1. The primary problem with the traditional plank is the lack of deep core activation over an extended period of time. Time to fix it with the RKC Plank!
2. Traditional planks have been progressed to increase the time of the hold, along with increasing the load placed on the body. The core was not meant to fire for extended periods of time in isolation. Rather, the deep and superficial muscles of the pillar need to have the ability to fire with maximal force repeatedly over time.
3. The RKC Plank can literally be programmed into any type of training session effectively. Depending on the movement or training emphasis of a specific session, the RKC Plank can be programmed as a dynamic warm up or metabolic finisher.
4. Time to throw away the traditional plank, and upgrade your planks with the RKC Plank.
The RKC Plank
The Proper Set Up
1. From quadruped position, activate abdominal and core musculature (stay tight)
2. Maintaining core position, grasp hands together (fingers interlocked), elbows on ground (creating 45deg angle between forearms)
3. Set your shoulder girdle by depressing your shoulder blades, and co-contracting all muscles of the shoulder region (you should feel like you are pulling your elbows, shoulder blades and forearms together while in the hold, while also pulling your arms and elbows down and toes and legs up)
4. Maintaining the core and shoulder positioning, extend one leg back and place at approximately hip width (focus on generating as much tension through your glutes as possible)
5. Extend opposite leg into same position in slow and controlled fashion (in order to maintain tension already built through the core, shoulders, and opposite leg)
6. Pelvic positioning should be slightly posterior rotated (butt up with neutral spine and straight knees) creating your iso-hold position
Not Just Another Normal Plank
The positioning of the RKC Plank differs from the traditional plank in a few ways:
1. Pelvis in RKC Plank is posteriorly rotated as opposed to neutral (which is usually not able to be maintained) in the traditional plank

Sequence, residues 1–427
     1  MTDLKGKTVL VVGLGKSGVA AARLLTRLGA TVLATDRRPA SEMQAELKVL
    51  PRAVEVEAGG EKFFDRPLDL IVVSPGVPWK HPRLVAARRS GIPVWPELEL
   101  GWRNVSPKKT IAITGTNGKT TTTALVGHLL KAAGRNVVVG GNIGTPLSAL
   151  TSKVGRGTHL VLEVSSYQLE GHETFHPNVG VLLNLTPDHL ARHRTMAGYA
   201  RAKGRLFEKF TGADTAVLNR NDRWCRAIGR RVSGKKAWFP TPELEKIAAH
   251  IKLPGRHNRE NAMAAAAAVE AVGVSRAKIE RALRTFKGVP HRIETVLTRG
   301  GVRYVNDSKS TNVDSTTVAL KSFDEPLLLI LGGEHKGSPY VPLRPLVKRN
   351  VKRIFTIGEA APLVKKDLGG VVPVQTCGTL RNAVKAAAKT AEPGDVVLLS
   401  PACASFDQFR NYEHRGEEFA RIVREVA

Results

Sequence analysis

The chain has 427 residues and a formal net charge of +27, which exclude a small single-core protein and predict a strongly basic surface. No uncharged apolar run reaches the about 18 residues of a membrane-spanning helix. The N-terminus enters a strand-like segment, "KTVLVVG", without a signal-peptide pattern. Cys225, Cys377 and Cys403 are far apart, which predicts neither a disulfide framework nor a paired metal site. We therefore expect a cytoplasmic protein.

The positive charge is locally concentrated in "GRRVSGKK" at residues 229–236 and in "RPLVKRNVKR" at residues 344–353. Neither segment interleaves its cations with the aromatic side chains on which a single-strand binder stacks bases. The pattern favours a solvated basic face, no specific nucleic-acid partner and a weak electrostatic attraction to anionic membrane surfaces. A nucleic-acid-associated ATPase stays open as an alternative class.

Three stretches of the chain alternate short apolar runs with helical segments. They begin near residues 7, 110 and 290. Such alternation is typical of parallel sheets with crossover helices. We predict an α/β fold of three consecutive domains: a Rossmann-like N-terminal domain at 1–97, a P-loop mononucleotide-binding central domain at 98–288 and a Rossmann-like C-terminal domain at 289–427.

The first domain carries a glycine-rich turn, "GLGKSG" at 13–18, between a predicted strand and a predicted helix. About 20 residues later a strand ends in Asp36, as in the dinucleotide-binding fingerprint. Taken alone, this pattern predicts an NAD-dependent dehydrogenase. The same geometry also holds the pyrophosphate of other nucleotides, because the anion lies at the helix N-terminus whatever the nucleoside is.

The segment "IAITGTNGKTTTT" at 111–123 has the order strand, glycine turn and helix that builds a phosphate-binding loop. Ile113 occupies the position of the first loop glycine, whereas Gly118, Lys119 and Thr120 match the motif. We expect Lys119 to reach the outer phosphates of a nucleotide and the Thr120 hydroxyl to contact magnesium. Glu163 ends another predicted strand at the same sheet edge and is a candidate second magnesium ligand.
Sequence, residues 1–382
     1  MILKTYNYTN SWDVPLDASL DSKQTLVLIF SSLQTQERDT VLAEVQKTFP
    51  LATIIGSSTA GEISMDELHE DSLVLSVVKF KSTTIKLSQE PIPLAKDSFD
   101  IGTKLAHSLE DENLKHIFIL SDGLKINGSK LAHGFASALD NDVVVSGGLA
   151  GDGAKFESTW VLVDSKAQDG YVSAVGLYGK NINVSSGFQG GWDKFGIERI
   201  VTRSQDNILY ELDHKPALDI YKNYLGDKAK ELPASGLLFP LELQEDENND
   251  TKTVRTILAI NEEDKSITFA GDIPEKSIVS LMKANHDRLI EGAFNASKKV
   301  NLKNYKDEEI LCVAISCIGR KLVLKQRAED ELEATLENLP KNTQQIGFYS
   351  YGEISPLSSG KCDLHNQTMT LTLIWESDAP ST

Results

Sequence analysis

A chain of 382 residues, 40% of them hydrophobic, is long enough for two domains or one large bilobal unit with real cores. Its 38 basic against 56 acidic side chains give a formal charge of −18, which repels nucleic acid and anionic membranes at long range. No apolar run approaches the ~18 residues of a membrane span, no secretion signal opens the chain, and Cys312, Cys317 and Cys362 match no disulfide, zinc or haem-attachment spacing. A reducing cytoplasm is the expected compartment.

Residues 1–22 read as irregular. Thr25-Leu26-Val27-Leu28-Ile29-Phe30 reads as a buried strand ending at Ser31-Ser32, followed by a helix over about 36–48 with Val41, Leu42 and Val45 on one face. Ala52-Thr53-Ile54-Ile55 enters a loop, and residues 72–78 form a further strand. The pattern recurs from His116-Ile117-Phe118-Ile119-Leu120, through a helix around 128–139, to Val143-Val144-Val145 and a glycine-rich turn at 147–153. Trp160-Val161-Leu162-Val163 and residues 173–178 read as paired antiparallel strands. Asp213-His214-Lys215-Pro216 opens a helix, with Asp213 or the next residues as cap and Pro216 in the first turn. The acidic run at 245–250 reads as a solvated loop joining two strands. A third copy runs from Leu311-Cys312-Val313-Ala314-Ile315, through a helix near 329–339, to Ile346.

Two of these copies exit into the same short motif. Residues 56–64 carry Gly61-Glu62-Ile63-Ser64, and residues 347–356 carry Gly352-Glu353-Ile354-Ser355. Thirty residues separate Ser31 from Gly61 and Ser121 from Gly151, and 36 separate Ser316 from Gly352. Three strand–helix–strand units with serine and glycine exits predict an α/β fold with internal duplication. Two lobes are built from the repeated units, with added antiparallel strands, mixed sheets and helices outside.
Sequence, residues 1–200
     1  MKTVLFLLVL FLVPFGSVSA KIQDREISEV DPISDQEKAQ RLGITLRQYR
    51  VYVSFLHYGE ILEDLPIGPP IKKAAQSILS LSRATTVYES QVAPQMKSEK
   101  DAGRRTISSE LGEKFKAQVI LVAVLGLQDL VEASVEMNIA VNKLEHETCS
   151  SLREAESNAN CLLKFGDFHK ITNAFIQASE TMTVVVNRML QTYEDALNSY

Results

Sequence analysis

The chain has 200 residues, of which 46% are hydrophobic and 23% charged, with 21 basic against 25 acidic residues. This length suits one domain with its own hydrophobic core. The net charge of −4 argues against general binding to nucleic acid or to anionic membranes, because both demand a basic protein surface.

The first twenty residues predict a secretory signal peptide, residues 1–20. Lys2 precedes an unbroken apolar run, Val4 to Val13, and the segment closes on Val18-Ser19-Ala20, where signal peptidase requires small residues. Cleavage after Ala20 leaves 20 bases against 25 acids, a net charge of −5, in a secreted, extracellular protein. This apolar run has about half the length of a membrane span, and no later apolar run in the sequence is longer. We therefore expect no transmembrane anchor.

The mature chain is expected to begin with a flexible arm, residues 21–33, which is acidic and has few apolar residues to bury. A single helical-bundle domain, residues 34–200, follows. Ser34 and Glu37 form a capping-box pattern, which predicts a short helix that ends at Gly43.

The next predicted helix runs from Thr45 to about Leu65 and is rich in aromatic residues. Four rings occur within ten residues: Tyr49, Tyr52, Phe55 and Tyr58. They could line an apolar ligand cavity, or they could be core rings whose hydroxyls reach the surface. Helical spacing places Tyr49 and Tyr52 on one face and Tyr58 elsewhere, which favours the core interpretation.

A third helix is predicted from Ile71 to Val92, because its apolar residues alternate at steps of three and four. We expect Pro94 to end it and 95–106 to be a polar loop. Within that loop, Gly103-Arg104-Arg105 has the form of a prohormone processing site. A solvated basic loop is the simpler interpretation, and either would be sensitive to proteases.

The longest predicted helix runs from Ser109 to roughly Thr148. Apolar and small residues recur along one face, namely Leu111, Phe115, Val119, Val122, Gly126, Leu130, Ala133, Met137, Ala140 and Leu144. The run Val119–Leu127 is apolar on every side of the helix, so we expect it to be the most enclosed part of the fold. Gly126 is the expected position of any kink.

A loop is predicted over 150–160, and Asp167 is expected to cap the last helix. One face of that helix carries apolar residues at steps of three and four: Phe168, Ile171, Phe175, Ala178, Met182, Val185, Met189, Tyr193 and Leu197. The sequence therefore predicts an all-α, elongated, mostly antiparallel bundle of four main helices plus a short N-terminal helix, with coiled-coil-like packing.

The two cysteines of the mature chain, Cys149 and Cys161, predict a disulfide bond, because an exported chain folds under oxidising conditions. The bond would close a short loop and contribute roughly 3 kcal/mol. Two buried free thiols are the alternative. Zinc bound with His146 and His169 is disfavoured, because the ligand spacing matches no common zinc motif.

2. Hands are interlocked in the RKC Plank as opposed to arms straight out in parallel with the shoulders, creating more tension through the upper extremities into the shoulder girdle. Forearms are also positioned at 45deg angle to position shoulders in open packed position (greater ability to generate force and tension)
Increased Core & Pillar Activation
The primary problem with the traditional plank is the lack of deep core activation over an extended period of time. Deep muscles of the spine, along with some of the deeper abdominal musculature (transverse abdominals) get overpowered by the core’s dynamic movers (mostly the 6 pack rectus and both sets of obliques). Increasing tension through maximal contraction of all available contractile tissues carries deep into the core, getting the little stabilizers involved in the stabilization of the body. Sounds simple, right?
Maximal Internally Directed Core Tension
Not so fast, the second problem that goes hand in hand with the lack of deep core activation is the prescription of intensity of the traditional plank. Traditional planks have been progressed to increase the time of the hold, along with increasing the load placed on the body.
The core was not meant to fire for extended periods of time in isolation. Rather, the deep and superficial muscles of the pillar (shoulder / core / hips ) need to have the ability to fire with maximal force repeatedly over time. This again is the reason for bilateral symmetry in pillar musculature, having one side remain relatively relaxed while the opposite side is firing at maximal capacity.